The federal Fair Labor Standards Act (“FLSA”) “white collar” exemptions are familiar to most employers. Under the FLSA, employees must be paid the minimum amount required by the statute on a salary basis, and the employee’s job duties must primarily involve executive, administrative, or professional duties. The Final Rule changes only the salary basis test, leaving in place the existing duties test.
As music and beer flow freely this St. Patrick’s Day, employers have good reason to be aware of what “shenanigans” their employees may be up to.
Employers already know that sexual harassment in the workplace is illegal and can result in liability, but employers should also know that under some circumstances sexual harassment outside of the workplace can result in employer liability. Employers are liable for the harassment of employees by managers and persons with supervisory authority, regardless of whether the employer knows of the conduct. Employers are also responsible for harassment committed by non-supervisory employees where the employer knew or should have known about the harassing conduct and failed to take prompt, effective, and reasonable remedial action. As a result, an employer could find itself facing a claim for harassment based on conduct outside the workplace.
The Massachusetts Commission Against Discrimination (MCAD) uses the following factors to assess whether conduct outside the workplace constitutes sexual harassment under M.G.L. c. 151B for which an employer is liable:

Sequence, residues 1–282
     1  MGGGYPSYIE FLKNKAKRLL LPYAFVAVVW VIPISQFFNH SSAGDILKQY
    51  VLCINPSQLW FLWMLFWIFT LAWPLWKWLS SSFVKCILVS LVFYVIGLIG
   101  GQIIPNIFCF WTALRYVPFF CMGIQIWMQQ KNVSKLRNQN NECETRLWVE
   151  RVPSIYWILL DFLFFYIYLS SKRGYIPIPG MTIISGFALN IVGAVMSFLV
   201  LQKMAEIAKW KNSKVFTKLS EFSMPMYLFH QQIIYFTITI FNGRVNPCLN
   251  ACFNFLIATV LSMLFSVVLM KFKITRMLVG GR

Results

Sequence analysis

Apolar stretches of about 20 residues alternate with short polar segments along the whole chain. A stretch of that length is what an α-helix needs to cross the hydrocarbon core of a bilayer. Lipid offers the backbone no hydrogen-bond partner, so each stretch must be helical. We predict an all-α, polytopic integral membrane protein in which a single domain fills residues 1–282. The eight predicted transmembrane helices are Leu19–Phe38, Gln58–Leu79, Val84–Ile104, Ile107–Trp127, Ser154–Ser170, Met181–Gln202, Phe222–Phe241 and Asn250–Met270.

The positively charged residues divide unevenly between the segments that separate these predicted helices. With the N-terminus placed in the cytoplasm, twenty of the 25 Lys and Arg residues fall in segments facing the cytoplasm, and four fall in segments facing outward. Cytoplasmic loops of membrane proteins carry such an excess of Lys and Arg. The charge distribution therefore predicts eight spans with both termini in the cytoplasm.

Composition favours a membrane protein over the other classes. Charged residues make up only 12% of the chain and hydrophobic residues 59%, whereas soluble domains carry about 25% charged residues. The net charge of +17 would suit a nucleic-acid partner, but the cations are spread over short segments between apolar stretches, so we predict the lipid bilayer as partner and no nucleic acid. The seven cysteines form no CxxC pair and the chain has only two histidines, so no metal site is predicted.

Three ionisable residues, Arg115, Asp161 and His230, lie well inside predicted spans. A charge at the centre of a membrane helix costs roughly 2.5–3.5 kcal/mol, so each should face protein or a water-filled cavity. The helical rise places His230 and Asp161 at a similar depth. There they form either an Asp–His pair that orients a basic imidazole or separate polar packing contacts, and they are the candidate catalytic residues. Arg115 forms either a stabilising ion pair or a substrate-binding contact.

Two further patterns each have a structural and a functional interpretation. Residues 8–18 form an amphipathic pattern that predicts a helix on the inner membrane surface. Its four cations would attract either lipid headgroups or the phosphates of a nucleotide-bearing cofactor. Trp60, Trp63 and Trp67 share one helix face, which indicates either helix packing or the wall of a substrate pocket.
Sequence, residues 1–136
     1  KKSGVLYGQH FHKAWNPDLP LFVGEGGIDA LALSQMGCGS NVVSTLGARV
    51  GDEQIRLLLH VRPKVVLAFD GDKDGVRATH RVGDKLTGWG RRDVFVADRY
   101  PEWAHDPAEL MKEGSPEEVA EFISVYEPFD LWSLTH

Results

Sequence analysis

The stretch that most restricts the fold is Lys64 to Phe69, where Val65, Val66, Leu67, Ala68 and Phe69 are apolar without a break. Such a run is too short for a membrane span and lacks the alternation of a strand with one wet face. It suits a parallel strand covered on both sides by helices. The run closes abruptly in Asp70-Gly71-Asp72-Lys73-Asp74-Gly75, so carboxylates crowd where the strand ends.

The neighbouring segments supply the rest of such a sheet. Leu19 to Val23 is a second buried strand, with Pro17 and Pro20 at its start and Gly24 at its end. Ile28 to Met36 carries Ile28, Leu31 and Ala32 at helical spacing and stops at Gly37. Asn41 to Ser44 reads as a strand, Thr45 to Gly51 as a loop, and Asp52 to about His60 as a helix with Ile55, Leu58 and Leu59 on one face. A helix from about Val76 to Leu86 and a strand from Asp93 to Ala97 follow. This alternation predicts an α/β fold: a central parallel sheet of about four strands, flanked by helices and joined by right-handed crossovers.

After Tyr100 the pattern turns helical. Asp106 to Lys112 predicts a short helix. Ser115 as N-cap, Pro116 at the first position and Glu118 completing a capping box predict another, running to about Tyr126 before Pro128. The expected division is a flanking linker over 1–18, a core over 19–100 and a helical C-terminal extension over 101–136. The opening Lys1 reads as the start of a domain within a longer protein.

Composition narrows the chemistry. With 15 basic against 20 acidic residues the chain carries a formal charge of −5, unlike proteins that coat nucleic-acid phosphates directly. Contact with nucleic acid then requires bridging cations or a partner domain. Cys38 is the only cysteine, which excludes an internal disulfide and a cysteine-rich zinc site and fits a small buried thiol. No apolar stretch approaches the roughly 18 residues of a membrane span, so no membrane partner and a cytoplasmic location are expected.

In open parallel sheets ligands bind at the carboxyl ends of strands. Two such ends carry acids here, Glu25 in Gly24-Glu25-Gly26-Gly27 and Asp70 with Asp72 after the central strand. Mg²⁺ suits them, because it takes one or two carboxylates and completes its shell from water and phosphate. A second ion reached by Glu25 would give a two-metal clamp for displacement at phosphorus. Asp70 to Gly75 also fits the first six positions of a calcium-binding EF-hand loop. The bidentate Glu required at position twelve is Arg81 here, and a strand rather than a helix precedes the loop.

- whether the event at which the conduct occurred is linked to the workplace in any way, such as at an employer-sponsored function;
- whether the conduct occurred during work hours;
- the severity of the alleged outside-of-work conduct;
- the work relationship of the complainant and alleged harasser, which includes whether the alleged harasser is a supervisor and whether the alleged harasser and complainant come into contact with one another on the job;
- whether the conduct adversely affected the terms and conditions of the complainant’s employment or
- impacted the complainant’s work environment.
To minimize the risk of liability, employers should be proactive in creating a harassment-free workplace and culture, and raise awareness about the responsibilities supervisors have in responding to inappropriate conduct. Employers can do this by conducting anti-harassment training and by distributing the company’s harassment policy. Distributing the company’s harassment policy isn’t just good practice, it’s the law. Massachusetts requires that employers with six or more employees not only have a sexual harassment policy and give it out to new employees when they start work, but also that an individual copy be distributed to each employee annually.